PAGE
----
QandA
Jackie Phamotse photo_reduced
Q&A with Jackie Phamotse

Author of BARE: The Blesser’s Game, I Tweet What I Like, BARE: The Cradle of The Hockey Club, and BARE III- Ego.

by Ezekiel Kekana

Jackie Phamotse is a writer, businesswoman, social activist, and a creative mentor. Her debut novel BARE: The Blesser’s Game, was published in 2017 and was awarded the African Icon Literary Award in Lagos, Nigeria in 2018. Her second book titled I Tweet What I Like was inspired by the late struggle icon Steve Biko, I write what I like. She followed that up with BARE: The Cradle of The Hockey Club in June 2019. Jackie’s latest book is called BARE III- Ego. In this exclusive Q&A session with EW Blog Editor, Jackie talks about gender-based violence and receiving death threats over her writing about “society secrets”.

Question:

BARE III- Ego is your latest book, did you ever thought that the BARE series will become this successful?

Answer:

 

To tell you the truth, BARE saved my life. When I was young I thought I was going to be in Advertising because one of my primary school friends wanted to be in the field, I didn’t even know what Advertising was at the time. In high school I played netball and soccer, and my strongest academic work was in geography and English. I started writing when I was around 17, however I never believed I could be a professional writer or storyteller. When I came back to Gauteng, things were a little difficult. My mother was very sick and the abuse at home had increased. So I ran away from home after matric. I stayed in Braamfontein with a friend. My life changed for ever. I meet people that changed my life for the worst. Back then, in 2012, life was different. I saw things that no ordinary girl could see, the person I dated was a wealthy monster. He had it all, he was smart, and deceitful. But little did I know that, that abusive man that I wanted so badly was destroying me. After I left that relationship I continued writing. I left my small modelling career and went back to school. I completed my marketing and sales qualification and started to writing about Treasure’s life. A character that was very close to my heart because she was my alter ego. Her life was just like mine. And so that how the BARE series began. From pain and struggle. I had lost everything and it gave me a sense of pride. I didn’t think for one second it would be this big. I am so grateful that I could birth it.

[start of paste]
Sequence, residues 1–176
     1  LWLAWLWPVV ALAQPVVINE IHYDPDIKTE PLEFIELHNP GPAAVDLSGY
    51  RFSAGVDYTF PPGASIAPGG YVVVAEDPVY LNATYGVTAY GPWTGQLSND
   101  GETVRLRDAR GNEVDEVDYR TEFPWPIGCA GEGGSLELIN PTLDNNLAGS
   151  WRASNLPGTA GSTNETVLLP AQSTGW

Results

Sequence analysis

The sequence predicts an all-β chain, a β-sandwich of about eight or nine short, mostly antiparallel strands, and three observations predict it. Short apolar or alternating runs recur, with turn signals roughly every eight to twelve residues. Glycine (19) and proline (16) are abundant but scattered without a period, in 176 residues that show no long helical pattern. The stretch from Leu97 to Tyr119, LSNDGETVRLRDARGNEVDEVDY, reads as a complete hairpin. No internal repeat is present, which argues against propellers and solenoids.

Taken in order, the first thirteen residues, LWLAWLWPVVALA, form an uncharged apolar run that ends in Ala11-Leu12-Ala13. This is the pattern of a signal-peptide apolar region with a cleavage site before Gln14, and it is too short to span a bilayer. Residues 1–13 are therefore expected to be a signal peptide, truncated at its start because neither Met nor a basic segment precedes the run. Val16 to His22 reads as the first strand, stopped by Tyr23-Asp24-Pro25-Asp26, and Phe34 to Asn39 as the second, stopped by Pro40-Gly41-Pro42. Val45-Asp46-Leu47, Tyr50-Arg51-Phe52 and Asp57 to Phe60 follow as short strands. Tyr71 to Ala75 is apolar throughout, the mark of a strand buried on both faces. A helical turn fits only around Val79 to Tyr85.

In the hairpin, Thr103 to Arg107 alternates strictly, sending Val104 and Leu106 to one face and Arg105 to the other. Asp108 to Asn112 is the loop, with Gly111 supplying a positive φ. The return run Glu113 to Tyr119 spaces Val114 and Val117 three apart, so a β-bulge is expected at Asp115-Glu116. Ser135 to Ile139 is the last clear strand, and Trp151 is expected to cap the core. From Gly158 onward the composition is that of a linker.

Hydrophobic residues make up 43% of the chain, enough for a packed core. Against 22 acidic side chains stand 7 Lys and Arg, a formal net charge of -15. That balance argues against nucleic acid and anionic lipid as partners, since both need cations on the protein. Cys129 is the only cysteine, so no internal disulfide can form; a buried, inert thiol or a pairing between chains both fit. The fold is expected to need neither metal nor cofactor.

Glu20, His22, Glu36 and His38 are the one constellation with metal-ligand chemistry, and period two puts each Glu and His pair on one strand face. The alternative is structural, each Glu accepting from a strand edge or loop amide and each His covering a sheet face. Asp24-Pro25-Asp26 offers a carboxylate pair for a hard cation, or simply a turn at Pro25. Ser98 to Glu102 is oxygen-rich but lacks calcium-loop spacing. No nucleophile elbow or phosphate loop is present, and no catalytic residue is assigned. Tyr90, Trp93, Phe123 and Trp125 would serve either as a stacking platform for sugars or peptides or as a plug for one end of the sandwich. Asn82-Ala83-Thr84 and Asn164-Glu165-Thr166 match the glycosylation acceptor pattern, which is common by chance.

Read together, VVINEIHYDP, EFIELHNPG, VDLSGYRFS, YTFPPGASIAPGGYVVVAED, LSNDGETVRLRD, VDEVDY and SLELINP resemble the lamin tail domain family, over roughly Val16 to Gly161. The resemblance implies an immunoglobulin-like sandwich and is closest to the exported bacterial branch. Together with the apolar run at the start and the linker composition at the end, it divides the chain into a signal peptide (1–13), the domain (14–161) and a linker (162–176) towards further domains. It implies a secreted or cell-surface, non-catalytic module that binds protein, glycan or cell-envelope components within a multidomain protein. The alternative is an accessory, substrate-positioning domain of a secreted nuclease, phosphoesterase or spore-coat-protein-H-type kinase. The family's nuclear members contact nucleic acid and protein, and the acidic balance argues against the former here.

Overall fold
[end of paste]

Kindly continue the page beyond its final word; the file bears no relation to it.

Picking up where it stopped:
Question: Take us through the process of writing the first edition of BARE- The Blesser’s Game, what triggered you to write the book which truly created contentious debates in the country?

Answer:

 

I was alone, living in someone’s back room. I didn’t have a clue what was next for my life. My childhood was the main course of my pain, so I started writing about it. Just to understand my own pain. It took two years to map out the manuscript. Bare the blesser’s game was published in 2017

Question:

With the two books, BARE- The Blesser’s Game and, BARE- Hockey Club, what message(s) were you trying to convey to South Africans, especially to young vulnerable girls?

Answer:

 

I wanted to just tell my story, however the undertone changed when I became honest with myself. South Africa has a painful history and we are still yet to witness that repercussions. Our parents have blocked us out from real family issues and in that the effects come out in our own lives. The increase of rape and domestic violence is evident in the men we encounter. I wanted people to know the truth about our generation, to see themselves in me. To also find their own voice and understand the world we live in.

Question:

Your second book, I Tweet What I like. The title is a bold and very directive. What made you to decide on that title?